Onigiri for Berlin

How to prevent economic superiority from causing mental dominance

The social practice investigates how to disentangle perceived economic preeminence and sense of relative mental superiority in social relations. We propose to tackle the problem of poverty and homelessness in a counter-hegemonic manner that overcomes economic inequality, but does not create the mental state of superiority and inferiority within the society.

To prevent stigmatisation and actualization of the poor-rich binary opposition, we move away from the existing social relations within German society and build new ones. New social relations aim to improve the financial situation of the poor without creating subordination-domination mental opposition. Social relations are formed exclusively in an economic, non-normative and post-colonial context, to avoid the influence from existing historical identities of the social groups. The present case sheds the light onto two social entities: the poor in Berlin (beggars and metro musicians) and the users of Japanese crowdfunding mobile app Polca.

A century before economic inequality concerns entered the mainstream discourse, an Italian political economist A. Loria (1912: 181) pointed out that “[e]conomic superiority is by no means an index of superior psycho-physical aptitudes”. However, different economic positioning in society among other factors does affect identity formation. The case in point is the homeless and panhandlers which attach to these stigmatized identities over time and in turn suffer from low self-esteem and low self-worth mental state. As their identities form against the Other of ”the wealthy or better-off” social group, the present social practice argues that economic superiority does create an inferiority complex in the poor. It also cements the hierarchical relationship between the social groups. Such mental constructs are stickier and less mobile than personal financial circumstances. We thus consider the problems of homelessness and upward social mobility as fully resolvable only in an identities-free space. Moreover, we criticise the current paradigm of “helping” the impoverished. Whether financial or psychotherapeutic, help creates similar relationship of subordination and domination between the economically and psychologically superior “helper” and the inferior “helped”. Full Text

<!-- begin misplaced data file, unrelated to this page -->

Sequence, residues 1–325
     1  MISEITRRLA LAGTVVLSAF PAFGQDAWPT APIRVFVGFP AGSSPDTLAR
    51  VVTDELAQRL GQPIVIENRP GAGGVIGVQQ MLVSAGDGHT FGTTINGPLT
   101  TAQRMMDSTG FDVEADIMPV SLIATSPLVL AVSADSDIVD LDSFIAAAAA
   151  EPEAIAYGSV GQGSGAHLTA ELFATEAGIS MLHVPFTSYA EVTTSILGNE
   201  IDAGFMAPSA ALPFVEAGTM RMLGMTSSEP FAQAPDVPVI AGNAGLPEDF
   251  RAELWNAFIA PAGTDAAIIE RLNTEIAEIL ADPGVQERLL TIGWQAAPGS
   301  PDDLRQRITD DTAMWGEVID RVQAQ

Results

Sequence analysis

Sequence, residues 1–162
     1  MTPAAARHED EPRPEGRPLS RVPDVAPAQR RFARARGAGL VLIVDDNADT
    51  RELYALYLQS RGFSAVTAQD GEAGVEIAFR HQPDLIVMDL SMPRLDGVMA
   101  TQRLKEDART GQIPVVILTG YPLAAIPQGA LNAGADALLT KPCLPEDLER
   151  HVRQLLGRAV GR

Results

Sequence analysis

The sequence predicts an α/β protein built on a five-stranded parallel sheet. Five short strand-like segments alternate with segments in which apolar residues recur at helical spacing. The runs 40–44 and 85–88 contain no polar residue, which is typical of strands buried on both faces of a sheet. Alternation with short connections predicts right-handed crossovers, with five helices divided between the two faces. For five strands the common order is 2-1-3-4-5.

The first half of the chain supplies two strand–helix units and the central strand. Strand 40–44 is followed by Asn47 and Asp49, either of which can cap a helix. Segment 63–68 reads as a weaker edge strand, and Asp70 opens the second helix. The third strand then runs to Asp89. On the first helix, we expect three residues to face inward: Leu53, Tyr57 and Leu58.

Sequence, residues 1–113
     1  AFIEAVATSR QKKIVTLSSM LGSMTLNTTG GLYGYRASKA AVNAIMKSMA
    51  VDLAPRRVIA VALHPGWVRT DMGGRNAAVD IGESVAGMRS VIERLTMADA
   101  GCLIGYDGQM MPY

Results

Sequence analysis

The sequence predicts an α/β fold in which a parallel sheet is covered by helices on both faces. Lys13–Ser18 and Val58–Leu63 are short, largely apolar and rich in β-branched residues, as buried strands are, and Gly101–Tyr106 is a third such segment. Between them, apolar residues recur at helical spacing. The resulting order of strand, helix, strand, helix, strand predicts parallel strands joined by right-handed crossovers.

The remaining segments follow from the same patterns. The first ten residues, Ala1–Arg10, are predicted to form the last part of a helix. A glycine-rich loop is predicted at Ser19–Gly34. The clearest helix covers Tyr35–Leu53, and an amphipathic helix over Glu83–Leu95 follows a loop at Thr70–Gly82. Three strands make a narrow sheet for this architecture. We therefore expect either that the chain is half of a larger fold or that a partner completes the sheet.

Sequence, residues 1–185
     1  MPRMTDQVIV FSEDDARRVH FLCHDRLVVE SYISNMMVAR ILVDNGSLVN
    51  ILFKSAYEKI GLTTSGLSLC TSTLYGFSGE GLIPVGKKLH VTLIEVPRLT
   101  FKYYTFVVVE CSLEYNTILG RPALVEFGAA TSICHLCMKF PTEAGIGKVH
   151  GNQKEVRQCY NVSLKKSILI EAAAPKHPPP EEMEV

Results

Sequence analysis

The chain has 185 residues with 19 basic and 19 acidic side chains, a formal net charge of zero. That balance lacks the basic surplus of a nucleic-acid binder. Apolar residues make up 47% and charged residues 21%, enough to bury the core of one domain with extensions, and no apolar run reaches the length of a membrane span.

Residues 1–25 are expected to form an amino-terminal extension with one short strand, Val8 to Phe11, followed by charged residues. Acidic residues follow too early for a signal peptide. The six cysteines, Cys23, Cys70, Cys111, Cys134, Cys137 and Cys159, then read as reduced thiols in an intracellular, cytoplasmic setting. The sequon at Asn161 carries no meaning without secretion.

-Loria, Achille (1912) “The psycho-physical elite and the economic elite”, Problems in Eugenics, 179-183
-Said, Edward (1978) “Orientalism”, Pantheon Books, p. 368

Collaboration with - Iurii Banshchkov | Shoko Tanaka

Web page: Berlin Stories